Bossa Nova: the reinvention and reinvigoration of samba in the 1950s

Martinus Helmiawan


In a society where music becomes the core of its people’s life, many discourses emerge and root in music. In Brazil, for instance, samba as the national music represents the chronicle of the Brazilians, which starts from the slavery in eighteenth century. However, at the start of the era of Brazil’s modernism in 1950s, samba was deemed stagnant. It was unable to cope with the fast developments of Brazil’s politics, societies, and cultures. This essay observes the history of samba, investigates the reasons why samba becomes stagnant and reviews the efforts made to revitalize it through the invention of Bossa Nova. In the process of redefining samba, American jazz plays an important role as the agent which brings modernity and revolution to the original samba. The ideology of the Brazilian urban middle class is also important, as well as Brazilian 1950s musicians’ efforts such as Antonio Carlos Jobim, Joao Gilberto, or Vinicius de Moraes. This paper aims to analyze Bossa Nova’s contributions in revitalizing and redefining samba, with its jazz influence which could be traced from the ideology of the Brazilian urban middle class. The paper also highlights the contradiction between foreign influences and traditional heritages in the music.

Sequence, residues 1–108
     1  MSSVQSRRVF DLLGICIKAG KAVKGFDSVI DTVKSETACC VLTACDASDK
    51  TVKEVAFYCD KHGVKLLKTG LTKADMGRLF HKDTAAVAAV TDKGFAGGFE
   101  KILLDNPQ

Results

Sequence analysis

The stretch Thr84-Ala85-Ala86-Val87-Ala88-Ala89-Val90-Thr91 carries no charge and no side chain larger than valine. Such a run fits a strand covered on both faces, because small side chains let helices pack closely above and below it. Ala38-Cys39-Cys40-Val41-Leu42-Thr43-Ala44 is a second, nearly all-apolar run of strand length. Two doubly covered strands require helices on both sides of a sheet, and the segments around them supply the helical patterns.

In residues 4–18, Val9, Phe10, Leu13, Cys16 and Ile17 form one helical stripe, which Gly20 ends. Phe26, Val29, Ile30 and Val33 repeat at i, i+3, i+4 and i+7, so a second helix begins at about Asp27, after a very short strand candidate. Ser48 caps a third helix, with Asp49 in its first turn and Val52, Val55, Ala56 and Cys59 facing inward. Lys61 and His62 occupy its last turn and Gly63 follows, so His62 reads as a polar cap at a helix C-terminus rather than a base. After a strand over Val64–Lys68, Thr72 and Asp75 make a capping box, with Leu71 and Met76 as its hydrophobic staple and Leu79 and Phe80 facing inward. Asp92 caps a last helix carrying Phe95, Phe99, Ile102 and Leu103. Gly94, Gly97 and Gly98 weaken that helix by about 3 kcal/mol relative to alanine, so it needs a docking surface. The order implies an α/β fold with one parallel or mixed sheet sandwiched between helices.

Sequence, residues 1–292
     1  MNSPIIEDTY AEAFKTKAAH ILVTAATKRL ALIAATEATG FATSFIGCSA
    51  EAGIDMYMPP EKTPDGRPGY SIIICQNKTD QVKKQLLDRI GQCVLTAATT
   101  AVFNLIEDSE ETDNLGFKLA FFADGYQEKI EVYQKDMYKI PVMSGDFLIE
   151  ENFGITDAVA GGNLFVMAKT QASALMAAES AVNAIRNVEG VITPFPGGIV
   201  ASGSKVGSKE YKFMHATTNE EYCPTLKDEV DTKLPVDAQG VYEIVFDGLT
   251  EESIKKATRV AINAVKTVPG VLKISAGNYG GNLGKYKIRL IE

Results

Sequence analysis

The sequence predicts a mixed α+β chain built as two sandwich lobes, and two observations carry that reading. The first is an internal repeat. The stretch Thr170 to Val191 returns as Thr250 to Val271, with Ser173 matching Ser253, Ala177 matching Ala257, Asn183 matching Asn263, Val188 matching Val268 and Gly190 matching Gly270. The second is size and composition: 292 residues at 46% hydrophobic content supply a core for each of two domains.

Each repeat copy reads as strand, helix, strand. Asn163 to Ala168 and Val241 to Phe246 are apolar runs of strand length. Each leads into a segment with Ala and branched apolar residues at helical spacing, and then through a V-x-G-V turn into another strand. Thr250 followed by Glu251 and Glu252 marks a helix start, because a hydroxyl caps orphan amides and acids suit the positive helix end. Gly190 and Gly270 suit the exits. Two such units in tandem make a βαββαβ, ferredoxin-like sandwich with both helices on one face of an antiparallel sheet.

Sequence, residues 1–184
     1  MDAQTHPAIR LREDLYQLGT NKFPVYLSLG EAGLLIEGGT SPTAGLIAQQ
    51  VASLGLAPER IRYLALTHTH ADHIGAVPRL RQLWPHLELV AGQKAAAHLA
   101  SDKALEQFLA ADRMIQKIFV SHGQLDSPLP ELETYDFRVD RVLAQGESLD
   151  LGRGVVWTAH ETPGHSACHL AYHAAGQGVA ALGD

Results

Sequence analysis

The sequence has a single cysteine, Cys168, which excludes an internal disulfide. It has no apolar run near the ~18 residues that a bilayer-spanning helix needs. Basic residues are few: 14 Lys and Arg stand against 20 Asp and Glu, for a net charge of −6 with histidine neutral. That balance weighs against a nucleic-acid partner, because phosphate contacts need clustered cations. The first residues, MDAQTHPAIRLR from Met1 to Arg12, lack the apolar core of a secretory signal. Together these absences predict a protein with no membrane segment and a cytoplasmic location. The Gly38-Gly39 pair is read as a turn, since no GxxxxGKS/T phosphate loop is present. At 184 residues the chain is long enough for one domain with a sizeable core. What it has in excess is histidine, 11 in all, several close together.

Bossa Nova; samba; jazz Brazil; popular music; modernism; Brazilian urban middle class; foreign Influences; traditional heritages


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